Digits bowl phones out

The_Unbeliever

Honorary Master
Joined
Apr 19, 2005
Messages
103,197
Why not allocate 0760 and 0790 to Vodacom instead of 0740? Or make that 0761 even?

Is this some underhanded tactic to undermine cellC?
 

Pilgrim

Wugger
Joined
Jul 5, 2006
Messages
3,094
Tough luck. So we need to update our PABX settings? It needs to be done sooner or later.

Be thankful! We are finally entering an era in SA where there are not just 4 types of numbers. (telscum, VC, MTN and Cell C) but more. A lot more.
 

spacemuis

Well-Known Member
Joined
Feb 26, 2006
Messages
270
Is this some underhanded tactic to undermine cellC?

If anything, this will benefit CellC - all those Vodacom calls will be routed through their network, garnering them more of those yummy interconnect charges!
 

XCentricdave

Well-Known Member
Joined
Nov 27, 2006
Messages
325
Doesn't this all get very complicated with MNP? Then the number prefix will no longer tell you which network someone is on?

Then how do you configure your PABX to route the calls? Presumably you take the risk that most prefixes do correctly identify the network and route accordingly. When someone has ported, the company will pay extra for that call.

Won't this cause problems for the least cost routing people?

Interesting...
 

risingtide

Senior Member
Joined
Mar 19, 2007
Messages
693
I don't see where the problem is. Surely the routing is just a lookup table?
It should be possble to set up the routing right down to individual numbers so that even MNP can be taken care of, and it should be so simple that any user is capabale of setting it up.
It would probably take about an hour of programming time to set set up a protoype/demo system like that from scratch.
 
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Tns

Executive Member
Joined
Sep 7, 2005
Messages
5,608
All this sounds like someone haven't planned this well at all. why didnt they make mtn 083 073 063 and vodacom and cel c likewise numberrs?

looks like the only plan they can make is to get more dough nuts and gravy
 

risingtide

Senior Member
Joined
Mar 19, 2007
Messages
693
I'm sure it must create massive complications...

It should be easy to solve. When the connection is established the receiver sends a 2 digit number back using the usual tone encoding. This will allow for 99 networks. The calling PABX recognises this code number as one of the providers and then updates the routing table. Next time the same number is called it knows how to route it and if the receiver has changed the network, updates the table again.

It would only require a little bit of cooperation from everyone.
 

bwana

MyBroadband
Super Moderator
Joined
Feb 23, 2005
Messages
80,780
It should be easy to solve. When the connection is established the receiver sends a 2 digit number back using the usual tone encoding. This will allow for 99 networks. The calling PABX recognises this code number as one of the providers and then updates the routing table. Next time the same number is called it knows how to route it and if the receiver has changed the network, updates the table again.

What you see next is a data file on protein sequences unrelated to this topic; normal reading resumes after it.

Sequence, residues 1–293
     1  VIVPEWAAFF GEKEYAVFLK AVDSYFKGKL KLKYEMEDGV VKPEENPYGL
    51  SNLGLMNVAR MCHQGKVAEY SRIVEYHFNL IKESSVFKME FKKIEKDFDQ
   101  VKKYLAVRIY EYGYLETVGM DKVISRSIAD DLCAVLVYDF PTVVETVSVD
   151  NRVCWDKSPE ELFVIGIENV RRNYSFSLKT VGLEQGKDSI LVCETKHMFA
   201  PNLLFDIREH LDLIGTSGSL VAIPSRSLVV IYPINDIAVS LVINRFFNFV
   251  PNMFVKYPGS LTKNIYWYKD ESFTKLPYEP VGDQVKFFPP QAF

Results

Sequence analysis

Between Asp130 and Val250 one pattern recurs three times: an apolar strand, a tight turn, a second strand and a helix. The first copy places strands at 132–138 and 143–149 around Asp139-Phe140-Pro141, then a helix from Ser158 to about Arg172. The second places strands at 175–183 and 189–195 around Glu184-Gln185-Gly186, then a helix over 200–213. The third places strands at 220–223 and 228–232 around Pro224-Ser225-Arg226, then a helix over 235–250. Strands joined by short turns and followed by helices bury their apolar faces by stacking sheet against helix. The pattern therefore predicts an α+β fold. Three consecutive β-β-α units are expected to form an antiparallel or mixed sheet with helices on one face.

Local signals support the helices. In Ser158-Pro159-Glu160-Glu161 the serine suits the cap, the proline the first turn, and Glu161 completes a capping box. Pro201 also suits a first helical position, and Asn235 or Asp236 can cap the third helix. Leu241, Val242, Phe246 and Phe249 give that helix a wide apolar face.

It would only require a little bit of cooperation from everyone.
Wouldnt recognising the ringing pattern serve the same ends and, as they're all currently different, negate the co-operative requirement?
 

risingtide

Senior Member
Joined
Mar 19, 2007
Messages
693
Wouldnt recognising the ringing pattern serve the same ends and, as they're all currently different, negate the co-operative requirement?
I wasn't aware that they have different ringing patterns, I hardly ever use my cell to make calls. It could probably be used, although this may ultimately be more limiting and may not be as reliable. In whatever way it is solved, my point is that technologically this routing thing is child's play even with MNP.
 

bekdik

Honorary Master
Joined
Dec 5, 2004
Messages
12,860
With number migration across networks, surely none of this applies anyway?
 

risingtide

Senior Member
Joined
Mar 19, 2007
Messages
693
With number migration across networks, surely none of this applies anyway?
With some thought, and some enforced regulations it would be easy.

Fax machines 'talk' to each other to establish at what speed the transmission can occur. Why should cell phones and/or PABX's not be able to 'talk' to each other about the network they are connected to and the use that information for further routing? I think that to determine the cell network would be far easier than to determine the speed for a fax transmission.
I bet that you will find a couple of whizzkids in a kindergarten who would be able to design and write the basic software to manage the PABX routing.
 

risingtide

Senior Member
Joined
Mar 19, 2007
Messages
693
Having thought some more, there is already behind the scene communication before the phone rings, because you see the callers number. The MIE (?) number also has to be sent, at least to the network operator, otherwise a phone could not be blacklisted.
I would be most surprised if the initial data transmitted would not include a global network identifier.
We probably have everything in place already except that the data necessary for LC routing is not passed on to the end-user.
 

antowan

Honorary Master
Joined
Nov 1, 2003
Messages
13,025
This to me sounds like a non issue. If the numbers can be given on the networks the systems must keep up. Simple. Fix the bloody problem on the stupid tele systems.
 
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